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Wholesale Prices Drop 0.3%, Easing Fears That Inflation Is Heating Up : Economy: Retail sales fell 0.6% in April. The two reports suggest that interest rates have peaked.

TIMES STAFF WRITER

Large declines in food and energy prices pushed wholesale prices down 0.3% in April, the Labor Department said Friday in a report that appeared to help ease concerns about a possible inflation-fueled rise in interest rates.

At the same time, the Commerce Department reported that retail sales fell 0.6% during April, following a 0.2% decline in March. The slower sales, together with last week’s report of an increase in April unemployment, were seen as signs of a rapidly weakening economy.

The nation’s financial markets interpreted the reports as welcome omens that interest rates have peaked--that the Federal Reserve will not be inclined to push them higher to combat inflationary pressures.

Rates on long- and intermediate-term bonds plummeted, bond prices surged and the Dow Jones industrial index of blue chip stocks soared 63.06 points to close above 2,800 for the first time in months.

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Economists agreed that April’s decline in wholesale prices, which fell 0.2% in March, reflected slowing inflation for finished goods and for many intermediate and crude commodities.

But they warned that inflation remains entrenched in the service sector of the economy, which now contributes the lion’s share of economic growth and is not reflected in the producer price index of wholesale price movements.

“It sure helped the markets,” noted economist Michael Penzer of Bank of America in San Francisco. “But the bond market these days is looking for economic weakness, and I don’t think the economy is as weak as the bond market does.”

Penzer and Allen Sinai, chief economist of the Boston Co. investment firm, said inflation in the services sector is a continuing concern.

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“The producer price index doesn’t tell us about services--and that’s where the inflation is, and that may also be where most of the consumer buying is,” Sinai said.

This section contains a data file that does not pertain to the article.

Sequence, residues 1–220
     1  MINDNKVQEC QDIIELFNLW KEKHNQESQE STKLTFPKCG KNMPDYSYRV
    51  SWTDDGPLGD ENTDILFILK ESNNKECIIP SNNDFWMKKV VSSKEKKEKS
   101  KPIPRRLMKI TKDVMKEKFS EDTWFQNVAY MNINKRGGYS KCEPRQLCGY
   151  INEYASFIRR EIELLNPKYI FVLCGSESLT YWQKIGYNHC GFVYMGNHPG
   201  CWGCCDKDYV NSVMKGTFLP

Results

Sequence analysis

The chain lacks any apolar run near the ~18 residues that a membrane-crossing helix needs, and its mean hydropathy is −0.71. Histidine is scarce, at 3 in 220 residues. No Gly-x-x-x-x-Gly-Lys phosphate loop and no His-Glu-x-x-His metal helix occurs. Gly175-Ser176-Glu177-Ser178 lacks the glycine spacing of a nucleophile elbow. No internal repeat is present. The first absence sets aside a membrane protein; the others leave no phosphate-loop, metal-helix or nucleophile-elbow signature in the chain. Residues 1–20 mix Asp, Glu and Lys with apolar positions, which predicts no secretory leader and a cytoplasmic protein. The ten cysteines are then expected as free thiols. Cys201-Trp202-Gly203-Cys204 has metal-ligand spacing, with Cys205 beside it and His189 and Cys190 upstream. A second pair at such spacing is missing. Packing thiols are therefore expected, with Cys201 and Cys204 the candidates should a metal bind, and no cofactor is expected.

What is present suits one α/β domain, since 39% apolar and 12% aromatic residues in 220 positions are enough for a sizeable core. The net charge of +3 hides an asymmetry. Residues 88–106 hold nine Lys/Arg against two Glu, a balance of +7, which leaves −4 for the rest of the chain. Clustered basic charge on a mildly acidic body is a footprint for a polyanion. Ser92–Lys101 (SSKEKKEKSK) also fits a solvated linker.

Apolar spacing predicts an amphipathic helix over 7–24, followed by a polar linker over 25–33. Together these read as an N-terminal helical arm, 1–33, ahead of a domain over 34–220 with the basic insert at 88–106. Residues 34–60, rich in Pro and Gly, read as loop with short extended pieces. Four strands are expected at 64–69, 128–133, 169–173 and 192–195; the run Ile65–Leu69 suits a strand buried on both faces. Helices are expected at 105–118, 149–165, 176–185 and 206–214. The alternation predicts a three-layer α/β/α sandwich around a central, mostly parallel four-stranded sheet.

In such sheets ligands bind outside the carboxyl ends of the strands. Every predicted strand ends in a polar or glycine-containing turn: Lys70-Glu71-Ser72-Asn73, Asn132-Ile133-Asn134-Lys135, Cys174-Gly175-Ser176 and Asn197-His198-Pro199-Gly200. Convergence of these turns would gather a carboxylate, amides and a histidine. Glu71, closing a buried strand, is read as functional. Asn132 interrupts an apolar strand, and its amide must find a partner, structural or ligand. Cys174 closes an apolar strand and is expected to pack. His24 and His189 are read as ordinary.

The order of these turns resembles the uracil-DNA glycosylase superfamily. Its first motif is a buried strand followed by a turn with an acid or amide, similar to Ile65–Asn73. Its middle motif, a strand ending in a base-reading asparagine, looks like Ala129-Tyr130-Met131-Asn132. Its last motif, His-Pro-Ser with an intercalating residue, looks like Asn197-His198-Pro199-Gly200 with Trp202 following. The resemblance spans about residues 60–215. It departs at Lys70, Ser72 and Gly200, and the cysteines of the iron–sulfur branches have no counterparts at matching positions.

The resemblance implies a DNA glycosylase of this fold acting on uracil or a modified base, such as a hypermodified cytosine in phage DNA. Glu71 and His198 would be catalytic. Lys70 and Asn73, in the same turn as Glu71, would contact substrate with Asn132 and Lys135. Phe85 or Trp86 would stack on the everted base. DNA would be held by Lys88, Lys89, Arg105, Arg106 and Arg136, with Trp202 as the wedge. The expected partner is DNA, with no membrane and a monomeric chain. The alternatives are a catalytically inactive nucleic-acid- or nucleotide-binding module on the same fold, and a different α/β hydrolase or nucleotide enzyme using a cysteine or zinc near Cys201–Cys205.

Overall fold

Much of the decline in finished goods prices was concentrated in food and energy. Food prices fell 0.6%, continuing a reversal from steep midwinter increases. Energy prices dropped 1.7% in a similar correction from a freak 13.4% increase in January, when weather-related energy inflation sent producer prices soaring 1.8%.

Excluding food and energy, the “core” rate of April inflation for finished goods was 0.2%. Among the major contributors was a 0.9% decline in wholesale prices of passenger cars and a 0.5% decline for trucks, both reflecting weak sales in the auto industry.

“I don’t see recession in this report, but I do see a sluggish consumer, because consumer prices have been rising faster than wages and people aren’t buying,” said Donald Ratajczak, a specialist in price movements at Georgia State University in Atlanta. “There seems to be no question of the Fed tightening now.”

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Prices for intermediate goods, which represent an earlier stage in the production chain, were up a scant 0.1% in April. The small increase, which reflects a winter decline in energy prices, suggests that inflation will continue to be moderate at the wholesale level in coming months.

Prices of raw materials were pushed down a steep 3.1%, reflecting a 7.8% drop in energy products, primarily crude petroleum. But a midwinter drop in prices of scrap metal, copper and other crude industrial materials, which had raised recession fears a few months ago, was reversed in April.

Those basic metals, noted Ratajczak, showed some “big-time” increases: aluminum scrap rose 7.3%, iron scrap 6.4% and copper scrap 5.1%.

Before seasonal adjustment, the producer price index stood unchanged at 117, compared to a 1982 base of 100. That means a cross-section of finished goods that cost $100 eight years ago would have cost $117 last month.

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